For the full list of all side effects and restrictions with Rasagiline ratiopharm, see the package leaflet.
Why is Rasagiline ratiopharm approved?
The Committee for Medicinal Products for Human Use (CHMP) decided that Rasagiline ratiopharm’s benefits are greater than its risks and recommended that it be given marketing authorisation.
What measures are being taken to ensure the safe and effective use of Rasagiline ratiopharm?
A risk management plan has been developed to ensure that Rasagiline ratiopharm is used as safely as possible. Based on this plan, safety information has been included in the summary of product characteristics and the package leaflet for Rasagiline ratiopharm, including the appropriate precautions to be followed by healthcare professionals and patients.
Further information can be found in the summary of the risk management plan.
Other information about Rasagiline ratiopharm
The European Commission granted a marketing authorisation valid throughout the European Union for Rasagiline ratiopharm on 12 January 2015.
For more information about treatment with Rasagiline ratiopharm, read the package leaflet (also part of the EPAR) or contact your doctor or pharmacist.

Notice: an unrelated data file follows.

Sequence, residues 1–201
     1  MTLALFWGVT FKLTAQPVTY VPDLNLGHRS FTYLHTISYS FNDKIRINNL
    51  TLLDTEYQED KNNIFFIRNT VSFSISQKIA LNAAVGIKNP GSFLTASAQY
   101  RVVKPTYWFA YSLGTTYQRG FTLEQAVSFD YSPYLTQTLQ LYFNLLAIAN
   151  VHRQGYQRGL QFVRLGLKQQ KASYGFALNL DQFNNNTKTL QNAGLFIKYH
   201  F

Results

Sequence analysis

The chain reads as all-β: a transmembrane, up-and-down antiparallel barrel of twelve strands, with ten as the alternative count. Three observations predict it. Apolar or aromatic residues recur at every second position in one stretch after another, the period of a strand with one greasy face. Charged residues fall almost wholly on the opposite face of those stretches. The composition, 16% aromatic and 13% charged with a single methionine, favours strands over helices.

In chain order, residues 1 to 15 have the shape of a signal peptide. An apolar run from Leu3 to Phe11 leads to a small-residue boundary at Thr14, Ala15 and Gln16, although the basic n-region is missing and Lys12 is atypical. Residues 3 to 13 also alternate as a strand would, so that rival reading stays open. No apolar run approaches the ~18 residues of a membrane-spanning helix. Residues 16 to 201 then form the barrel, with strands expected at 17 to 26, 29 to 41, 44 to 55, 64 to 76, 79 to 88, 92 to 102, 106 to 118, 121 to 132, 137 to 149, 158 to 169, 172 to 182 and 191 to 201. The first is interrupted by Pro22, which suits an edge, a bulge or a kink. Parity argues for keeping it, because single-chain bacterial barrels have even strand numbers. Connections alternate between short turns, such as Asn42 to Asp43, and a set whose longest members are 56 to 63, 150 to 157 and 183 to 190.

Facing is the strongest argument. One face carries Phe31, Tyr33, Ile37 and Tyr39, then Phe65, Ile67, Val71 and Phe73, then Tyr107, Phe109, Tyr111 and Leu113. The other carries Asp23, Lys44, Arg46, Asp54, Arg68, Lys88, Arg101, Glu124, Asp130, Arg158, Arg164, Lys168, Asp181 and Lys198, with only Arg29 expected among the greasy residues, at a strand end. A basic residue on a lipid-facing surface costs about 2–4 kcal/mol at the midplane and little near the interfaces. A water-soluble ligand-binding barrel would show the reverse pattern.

Source: European Medicines Agency
Disclaimer: Every effort has been made to ensure that the information provided here is accurate, up-to-date and complete, but no guarantee is made to that effect. Drug information contained herein may be time sensitive. This information has been compiled for use by healthcare practitioners and consumers in the United States. The absence of a warning for a given drug or combination thereof in no way should be construed to indicate that the drug or combination is safe, effective or appropriate for any given patient. If you have questions about the substances you are taking, check with your doctor, nurse or pharmacist.